> I am one of those rare folks who can't climb hills well on my 2000 V2 XL. I still have the stock
    > chainrings (52/42/30), but I did switch to Deore LX Rapid Fire shifters.
    >
    > I want to change out the smallest chainring to something smaller. Hostel Shoppe has both 24T and
    > 26T chainrings. So I am in need of advice, and would love to hear about your experiences doing the
    > same thing.
    >
    > Another question: does the 2000 V2 XL have splined or square bottom bracket? The reason I need to
    > know that is so I can get the correct crank puller. I have the stock Shimano 105 cranks.

    I am most certain that this works with Shimano 105

    http://www.parktool.com/tools/CCP_4.shtml

    Your front derailleur is rated for 22T range. It can manage 26T with minimal difficulty. I would not
    replace the 30 with anything smaller than the 26T if you are going to keep the 52T. If your SRAM 7.0
    will reach a 34T then swapping the 11-32 cassette with an 11-34 would also be a possibility.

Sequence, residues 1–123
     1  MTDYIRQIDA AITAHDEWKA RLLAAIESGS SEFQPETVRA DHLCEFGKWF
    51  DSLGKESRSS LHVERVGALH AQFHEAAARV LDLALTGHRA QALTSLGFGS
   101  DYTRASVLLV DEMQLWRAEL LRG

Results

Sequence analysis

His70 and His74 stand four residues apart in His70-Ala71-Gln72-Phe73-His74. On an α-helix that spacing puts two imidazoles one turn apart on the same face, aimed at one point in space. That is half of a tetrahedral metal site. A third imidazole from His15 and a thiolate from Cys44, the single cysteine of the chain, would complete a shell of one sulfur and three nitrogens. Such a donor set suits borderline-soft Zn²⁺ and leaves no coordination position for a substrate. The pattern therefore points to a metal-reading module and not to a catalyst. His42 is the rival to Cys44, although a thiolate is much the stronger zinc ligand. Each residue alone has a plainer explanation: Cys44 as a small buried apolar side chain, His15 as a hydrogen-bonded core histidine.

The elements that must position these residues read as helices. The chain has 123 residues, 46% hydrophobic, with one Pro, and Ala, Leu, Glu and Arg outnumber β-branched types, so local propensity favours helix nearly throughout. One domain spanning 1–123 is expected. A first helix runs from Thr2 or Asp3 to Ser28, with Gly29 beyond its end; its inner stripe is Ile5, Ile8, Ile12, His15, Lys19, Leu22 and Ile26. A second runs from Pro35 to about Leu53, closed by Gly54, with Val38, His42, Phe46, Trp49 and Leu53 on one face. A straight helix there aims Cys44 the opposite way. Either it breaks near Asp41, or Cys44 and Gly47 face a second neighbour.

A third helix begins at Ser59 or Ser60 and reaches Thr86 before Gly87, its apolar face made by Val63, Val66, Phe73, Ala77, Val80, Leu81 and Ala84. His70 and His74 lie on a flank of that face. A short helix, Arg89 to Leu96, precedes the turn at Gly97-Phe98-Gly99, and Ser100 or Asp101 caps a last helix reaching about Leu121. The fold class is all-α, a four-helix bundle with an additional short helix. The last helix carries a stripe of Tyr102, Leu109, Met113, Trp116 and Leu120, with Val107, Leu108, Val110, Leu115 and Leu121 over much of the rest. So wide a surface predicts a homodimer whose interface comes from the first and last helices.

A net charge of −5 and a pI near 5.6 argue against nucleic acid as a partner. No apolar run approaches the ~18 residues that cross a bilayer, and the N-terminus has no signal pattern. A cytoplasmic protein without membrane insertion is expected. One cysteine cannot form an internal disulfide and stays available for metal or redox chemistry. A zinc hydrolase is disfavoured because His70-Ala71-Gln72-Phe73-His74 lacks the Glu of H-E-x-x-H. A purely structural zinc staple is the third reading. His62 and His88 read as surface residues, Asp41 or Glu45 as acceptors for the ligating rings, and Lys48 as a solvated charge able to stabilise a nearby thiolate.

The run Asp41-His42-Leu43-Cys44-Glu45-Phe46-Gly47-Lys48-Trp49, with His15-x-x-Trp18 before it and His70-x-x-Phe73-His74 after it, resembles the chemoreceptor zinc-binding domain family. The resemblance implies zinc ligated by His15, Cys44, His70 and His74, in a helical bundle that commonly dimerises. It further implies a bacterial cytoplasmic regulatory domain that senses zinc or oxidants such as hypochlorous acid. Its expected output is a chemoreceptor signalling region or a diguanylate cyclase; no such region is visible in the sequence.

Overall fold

Putting some combinations into a gear range plotter should save you some $ before you buy what you
    don't need. (many on the web. My previous links are dead)

    --
    Cletus D. Lee Bacchetta Giro Lightning Voyager http://www.clee.org
    - Bellaire, TX USA -
     
  5. Ken Kramer

    Ken Kramer Guest

    I have a V2 and I changed to 24-39-52 rings in front and a 11-34 in the rear. It shifts fine
    although there are some combinations that I avoid and have never tried (such as 52-34) but those
    aren't needed. Shifting from the 24 to the 39 chainrings is a little tricky mainly because I can't
    find a 39 ring that has the "shifting steps" on it as the 42 that I replaced does. But I will put up
    with that because I like the new combinations better.

    I personally don't think that stock bents are geared low enough escecially for hilly terain in MHO.
    You can always shift up! I have been on tours where I could have sold "my gears" for several times
    what I paid for them. I also have switched to shorter cranks and therefore prefer to spin at a
    higher cadence. Lower gears are essential.
     
  6. Review Boy

    Review Boy Guest

    Hi Greg -

    I saw a quadruple crank in action on a mountain bike about 10 years ago. It seemed like a great idea
    for a person who wants to tackle lots of steep hills and isn't in a hurry.